The woman who made the gift called me. She said, "I am so glad you sent me that note. When something so simple as old towels and washcloths mean so much to a family with very little, it makes me want to empty my whole house and give it to them." That woman brought God into the world for a family of strangers, a family who believed that no one cared. Even had I not sent the note to the donor, love would have become visible in the family who had received.
many of us went shopping for kids that we will never meet. We either
bought a number of useful items for children whose parents are in jail
or we purchased a sweatshirt for children who live in families operating
in or around poverty levels. We know that the new member's class has
been collecting children's clothing for Martha's Closet. What we do not
know is what will happen as a result. We do not realize that we are
bringing something of God into their world.
Before Jim and Marge Gribble moved to the Eastern Shore, they were members of St. Matthew's. Marge worked at the Prince George's County Detention Center. She was on the inside when our Christmas stockings were distributed to the families. She told me that when the children saw their names printed on the individual stockings, the experience of receiving them became very personal. It became extremely important to them that someone knew their names.
take our teddy bears around to the various senior centers, the staff
frequently tells us stories about how our bears appear to energize the
residence. They do not feel as alone when they have their bear. Some of
our bears accompany patients as they enter the operating room for
surgery. They become the first thing they hold on to as they lie in the
recovery room. Yet suppose we knew none of these stories. Love would
have still entered the lives of strangers because we made those bears
John the Baptist was motivated to preach because of his vision. He was murdered before he knew what his role had been. We have the joy of taking into the world what John could only announce was coming. No deed done in love is ever wasted because God is the one using each of them to heal lives as tomorrow is fashioned. Timeless joy comes in knowing that we are the vehicles of God's creativity.
Life can be boring and routine. A stay-at-home Mom can talk herself into being starved for intellectual stimulation. A middle management executive can feel undervalued and not appreciated. A retiree may agonize over what he accomplished during his career. What transforms every life without exception is when we realize that we are a valuable part of an expansion of God's creativity that is well beyond our comprehension to grasp.
When we hold this vision, stay-at-home mothers can realize that they are preparing their children to be tomorrow's saviors. Middle management executives can sense that they are making decisions that were influencing the development of something like the Hubble Telescope. Retirees can become aware that they were on the ground floor of something like stem cell research that could lead to cures that may save thousands of lives from premature deaths.
With all of
this being said, the results we cherish and savor today are nothing
compared to the future God creates with what each of us brings into the
world. This understanding can and will produce timeless joy in us.
Those of us who think that our lives do not count for much remain
unaware of the power we possess each time we bring something of God into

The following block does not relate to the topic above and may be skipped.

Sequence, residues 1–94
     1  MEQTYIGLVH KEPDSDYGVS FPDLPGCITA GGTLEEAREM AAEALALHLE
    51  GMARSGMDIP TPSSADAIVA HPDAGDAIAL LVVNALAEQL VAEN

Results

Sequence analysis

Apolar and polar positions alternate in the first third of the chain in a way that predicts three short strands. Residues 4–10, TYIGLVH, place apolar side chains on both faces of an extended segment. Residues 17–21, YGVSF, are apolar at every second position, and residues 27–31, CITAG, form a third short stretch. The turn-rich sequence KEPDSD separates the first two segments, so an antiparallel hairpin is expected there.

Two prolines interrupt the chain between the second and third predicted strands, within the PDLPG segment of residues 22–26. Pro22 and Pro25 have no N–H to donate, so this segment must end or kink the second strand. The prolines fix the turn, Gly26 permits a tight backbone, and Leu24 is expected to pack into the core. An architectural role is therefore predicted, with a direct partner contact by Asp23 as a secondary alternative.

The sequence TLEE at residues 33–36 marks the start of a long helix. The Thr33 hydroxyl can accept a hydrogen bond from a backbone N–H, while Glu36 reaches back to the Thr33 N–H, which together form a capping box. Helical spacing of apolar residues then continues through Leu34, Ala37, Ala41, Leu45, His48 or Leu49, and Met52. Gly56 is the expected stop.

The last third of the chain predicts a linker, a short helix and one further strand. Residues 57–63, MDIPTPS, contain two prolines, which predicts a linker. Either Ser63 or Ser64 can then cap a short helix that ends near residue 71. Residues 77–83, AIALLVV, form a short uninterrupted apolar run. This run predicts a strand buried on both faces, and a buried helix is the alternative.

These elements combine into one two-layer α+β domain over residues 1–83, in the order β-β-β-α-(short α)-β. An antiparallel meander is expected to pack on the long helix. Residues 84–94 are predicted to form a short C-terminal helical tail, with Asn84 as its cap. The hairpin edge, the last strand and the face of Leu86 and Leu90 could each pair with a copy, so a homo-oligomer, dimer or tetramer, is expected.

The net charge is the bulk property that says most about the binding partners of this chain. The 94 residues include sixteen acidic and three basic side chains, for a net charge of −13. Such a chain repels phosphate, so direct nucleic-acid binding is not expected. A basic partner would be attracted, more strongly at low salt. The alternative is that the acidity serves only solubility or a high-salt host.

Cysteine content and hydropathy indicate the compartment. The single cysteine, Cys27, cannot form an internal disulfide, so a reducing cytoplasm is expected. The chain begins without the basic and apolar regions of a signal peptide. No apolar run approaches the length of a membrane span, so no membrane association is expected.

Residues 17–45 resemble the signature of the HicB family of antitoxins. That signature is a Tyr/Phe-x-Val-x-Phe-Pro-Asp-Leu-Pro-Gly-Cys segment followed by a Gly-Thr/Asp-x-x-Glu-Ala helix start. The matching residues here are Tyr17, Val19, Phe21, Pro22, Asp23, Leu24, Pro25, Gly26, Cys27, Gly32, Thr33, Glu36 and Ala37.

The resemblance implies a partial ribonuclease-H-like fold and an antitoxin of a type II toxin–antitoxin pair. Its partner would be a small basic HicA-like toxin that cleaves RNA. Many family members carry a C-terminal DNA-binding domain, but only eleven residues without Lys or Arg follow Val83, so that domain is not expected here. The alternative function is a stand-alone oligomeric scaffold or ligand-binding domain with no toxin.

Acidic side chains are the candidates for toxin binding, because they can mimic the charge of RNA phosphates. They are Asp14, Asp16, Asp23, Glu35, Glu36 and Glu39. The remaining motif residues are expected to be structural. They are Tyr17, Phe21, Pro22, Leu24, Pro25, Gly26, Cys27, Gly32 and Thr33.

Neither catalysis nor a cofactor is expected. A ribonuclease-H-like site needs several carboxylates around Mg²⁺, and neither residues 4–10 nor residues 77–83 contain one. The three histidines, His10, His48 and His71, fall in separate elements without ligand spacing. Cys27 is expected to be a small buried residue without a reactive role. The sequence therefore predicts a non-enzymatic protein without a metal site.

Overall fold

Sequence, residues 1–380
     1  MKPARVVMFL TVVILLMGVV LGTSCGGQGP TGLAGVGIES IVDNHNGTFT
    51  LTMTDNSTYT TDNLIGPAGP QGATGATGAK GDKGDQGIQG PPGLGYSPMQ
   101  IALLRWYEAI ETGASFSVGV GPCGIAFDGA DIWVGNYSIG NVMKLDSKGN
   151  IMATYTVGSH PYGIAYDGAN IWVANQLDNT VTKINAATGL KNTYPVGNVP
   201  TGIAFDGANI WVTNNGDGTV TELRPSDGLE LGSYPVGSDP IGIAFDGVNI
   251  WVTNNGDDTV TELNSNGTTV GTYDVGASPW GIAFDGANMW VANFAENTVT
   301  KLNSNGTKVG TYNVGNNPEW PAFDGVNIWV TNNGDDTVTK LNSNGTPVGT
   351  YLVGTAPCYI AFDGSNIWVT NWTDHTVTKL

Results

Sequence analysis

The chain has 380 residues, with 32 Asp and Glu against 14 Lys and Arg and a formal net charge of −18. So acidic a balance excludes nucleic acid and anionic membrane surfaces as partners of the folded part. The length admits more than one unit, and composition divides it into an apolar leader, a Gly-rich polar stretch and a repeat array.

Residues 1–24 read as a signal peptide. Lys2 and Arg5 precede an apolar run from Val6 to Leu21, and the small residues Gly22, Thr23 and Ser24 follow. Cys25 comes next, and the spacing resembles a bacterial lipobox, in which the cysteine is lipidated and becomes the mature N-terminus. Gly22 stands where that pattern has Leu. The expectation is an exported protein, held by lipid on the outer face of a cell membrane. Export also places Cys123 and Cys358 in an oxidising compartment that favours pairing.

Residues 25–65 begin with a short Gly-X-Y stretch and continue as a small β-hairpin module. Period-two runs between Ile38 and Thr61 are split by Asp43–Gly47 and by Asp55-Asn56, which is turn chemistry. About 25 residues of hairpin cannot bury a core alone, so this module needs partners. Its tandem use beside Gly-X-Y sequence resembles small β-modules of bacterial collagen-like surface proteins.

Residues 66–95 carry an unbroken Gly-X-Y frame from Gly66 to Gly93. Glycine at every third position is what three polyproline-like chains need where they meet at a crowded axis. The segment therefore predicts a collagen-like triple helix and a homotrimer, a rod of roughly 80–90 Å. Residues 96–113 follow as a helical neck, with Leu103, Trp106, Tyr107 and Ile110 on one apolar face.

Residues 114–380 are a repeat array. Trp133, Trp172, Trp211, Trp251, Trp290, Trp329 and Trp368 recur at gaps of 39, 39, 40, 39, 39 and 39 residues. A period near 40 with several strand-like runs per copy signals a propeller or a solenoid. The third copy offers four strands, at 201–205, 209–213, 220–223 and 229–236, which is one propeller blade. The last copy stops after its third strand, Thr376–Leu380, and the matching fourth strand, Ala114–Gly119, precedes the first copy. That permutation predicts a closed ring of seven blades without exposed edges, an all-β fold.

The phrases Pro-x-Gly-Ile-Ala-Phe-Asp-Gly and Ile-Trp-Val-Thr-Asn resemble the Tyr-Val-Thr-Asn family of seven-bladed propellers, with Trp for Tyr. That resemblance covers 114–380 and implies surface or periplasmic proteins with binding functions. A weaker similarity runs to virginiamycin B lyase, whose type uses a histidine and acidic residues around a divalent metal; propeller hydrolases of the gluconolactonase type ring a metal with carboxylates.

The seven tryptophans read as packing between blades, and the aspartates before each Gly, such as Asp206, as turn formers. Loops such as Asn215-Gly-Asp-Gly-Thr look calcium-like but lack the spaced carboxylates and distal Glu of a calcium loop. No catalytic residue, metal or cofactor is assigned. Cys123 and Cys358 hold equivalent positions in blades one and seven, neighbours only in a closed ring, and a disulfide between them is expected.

the world, something every bit as vital as John the Baptist's words or
Mary and Joseph's infant son. After all, would the life and
teachings of Jesus exist today had no one brought a written record of
them into our world?
Our faithful discipleship allows God's essence to mutate into millions of different forms as we bring love into the world. When we understand our role, absolutely nothing can remain routine. When we know this, everything we do for another person has purpose. Knowing this helps us find timeless joy in what we typically call routine.
THE CONGREGATIONAL PRAYER
always present God, as we live in a world that constantly keeps tensions
swirling around us, we are grateful for these moments. Worship stills
our minds. Our experience together helps us focus on the essentials for
living. When Jesus said, "Do this in remembrance of me," he knew how
easily we can wander from his Kingdom. Give us the grace to share the
experience of our church family with others. As our spirits are
nourished, help us reveal more of your kingdom. Amen.
THE PASTORAL PRAYER
As we enter our worship experience this morning, we come from a variety of experiences. Some of us have just had surgery. Some of us have had the joy of no school for two days. Some of us have experienced the loss of a loved one. Even though this is Advent, the odd and unexpected experiences of life never stop happening to us.
This season comes
around every year and we are seldom prepared for all that occasionally
comes with it -- pulling us, distracting us, making us doubt, or
surprising us, healing us and helping us to feel loved. None of us
share these experiences alone, even though we often feel that way.
Touch us this morning with the sense of community. We can sit alone in
our pews while never knowing what is happening in the lives of those
sitting next to us. Bless them, Lord. Help each of us to understand
that we are not alone. Help us realize that we are loved and that you
created us to love.
As we continue our walk into Advent, may each of us remain sensitized by the specific role Jesus asked us to play in your world. As we make his message visible, we bring a part of you into the lives of others. May each of us find enormous comfort and peace in realizing that by bringing your spirit into the lives of others, we are as important as Mary and Joseph who brought Jesus into the world. We pray these thoughts through the spirit of Jesus, who taught us to say when we pray . . .